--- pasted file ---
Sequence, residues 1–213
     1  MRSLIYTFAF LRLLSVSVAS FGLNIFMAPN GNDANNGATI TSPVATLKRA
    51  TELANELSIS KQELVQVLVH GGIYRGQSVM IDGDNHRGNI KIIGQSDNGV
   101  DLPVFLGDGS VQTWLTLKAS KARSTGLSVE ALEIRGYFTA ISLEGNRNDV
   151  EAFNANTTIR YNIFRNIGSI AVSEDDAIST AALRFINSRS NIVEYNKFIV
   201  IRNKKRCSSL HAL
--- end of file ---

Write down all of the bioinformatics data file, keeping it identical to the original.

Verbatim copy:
Sequence, residues 1–213
     1  MRSLIYTFAF LRLLSVSVAS FGLNIFMAPN GNDANNGATI TSPVATLKRA
    51  TELANELSIS KQELVQVLVH GGIYRGQSVM IDGDNHRGNI KIIGQSDNGV
   101  DLPVFLGDGS VQTWLTLKAS KARSTGLSVE ALEIRGYFTA ISLEGNRNDV
   151  EAFNANTTIR YNIFRNIGSI AVSEDDAIST AALRFINSRS NIVEYNKFIV
   201  IRNKKRCSSL HAL